Poets & Writers Magazine welcomes letters from its readers. Please post a comment on select articles at www.pw.org/magazine, e-mail editor@pw.org, or write to Editor, Poets & Writers Magazine, 90 Broad Street, Suite 2100, New York, NY 10004. Letters accepted for publication may be edited for clarity and length.

Turning Time Around
After reading John Freeman’s wonderful profile of Donald Hall (“Turning Time Around,” November/December 2014), I was moved to write about my experience sitting in on his Introduction to Poetry class at the University of Michigan in the fall of 1968. What a dynamic and challenging teacher he was. He began by stating his approach to poetry (I’m paraphrasing): Poetry is an appeal to primary urges and sensations; intellectualism provides a framework, an approach to poetry, but good poetry must appeal to the basic senses. He then offered this rationale for the course: Poetry yields pleasure; pleasure is a good, worthwhile thing; and deeper understanding comes from exposure to a variety of poems. The statement that Donald Hall made that meant the most to me then, as now, is this: “The struggle of the poet is to reach the natural sensations, emotions, and feelings that are often concealed or hidden by the mechanisms of civilization.” Amen to that thought, and God bless Donald Hall!
David Vaughn

Waynesville, Ohio

I loved the profile of Donald Hall. I fell in love with Hall’s work in 1983, during my second year of college, while my girlfriend and I were traveling to Florida for spring break. During the trip I started reading Hall’s String Too Short to Be Saved (1961). I cried all the way to Florida—it was that touching and beautiful—and I’ve been a fan ever since. I actually had a chance to meet him when he came to speak at the University of Maine. I was expecting a god. I met a man who was funny, charming, and friendly. It is good to know that he has not changed.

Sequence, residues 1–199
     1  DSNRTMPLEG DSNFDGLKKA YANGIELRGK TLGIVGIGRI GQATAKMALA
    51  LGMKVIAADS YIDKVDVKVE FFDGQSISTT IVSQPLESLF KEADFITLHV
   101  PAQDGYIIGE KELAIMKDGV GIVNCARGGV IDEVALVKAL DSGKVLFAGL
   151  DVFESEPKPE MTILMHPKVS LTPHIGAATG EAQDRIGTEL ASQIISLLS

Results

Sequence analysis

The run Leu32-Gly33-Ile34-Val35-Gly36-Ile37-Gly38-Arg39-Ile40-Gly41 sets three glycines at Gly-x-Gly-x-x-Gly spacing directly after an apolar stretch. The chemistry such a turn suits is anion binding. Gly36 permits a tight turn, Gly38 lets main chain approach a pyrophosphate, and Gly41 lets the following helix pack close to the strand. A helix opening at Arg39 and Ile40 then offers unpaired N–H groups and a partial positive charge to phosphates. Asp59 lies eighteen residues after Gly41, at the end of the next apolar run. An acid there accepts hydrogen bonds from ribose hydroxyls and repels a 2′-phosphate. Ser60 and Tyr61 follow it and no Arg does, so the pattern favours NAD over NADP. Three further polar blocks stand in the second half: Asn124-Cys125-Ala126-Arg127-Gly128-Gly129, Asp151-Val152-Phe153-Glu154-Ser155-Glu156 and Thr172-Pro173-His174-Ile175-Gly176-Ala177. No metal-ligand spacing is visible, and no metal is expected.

Daniel L. Austin

Friendship, Maine

Declaration of Independents
I really enjoyed “Let’s Just Do This: Eleven Small-Press Authors and Their Publishing Partners” by Kevin Larimer (November/December 2014), and loved reading about each publisher’s mission. It was interesting to note how some of the books mentioned could have easily been placed into the speculative fiction category (Shane Jones’s Crystal Eaters, published by Two Dollar Radio, for example). But neither the publishers nor the writers mentioned it, which proves to me, once again, that speculative fiction and its genre-fiction siblings are still the red-haired stepchildren of the literary world. But there are many quality small presses and independent publishers out there that publish speculative fiction and openly acknowledge it.
Rachel Olivier

Los Angeles, California

From Twitter:
Love this issue of @poetswritersinc, and all of these indie publishers and incredible authors who found homes with them. Inspired.
Gina Sorell


Lovely profile of the endlessly energetic and inspiring @meganstielstra and @curbsidepress in the new @poetswritersinc—w00t w00t!
Shawn Syms


Very cool to see indie writers and publishers featured in the latest @poetswritersinc.
Gigantic Sequins


Eleven Kinds of Awesome: @poetswritersinc feature on fab small press authors and their hardworking publishers.
Sara Lippmann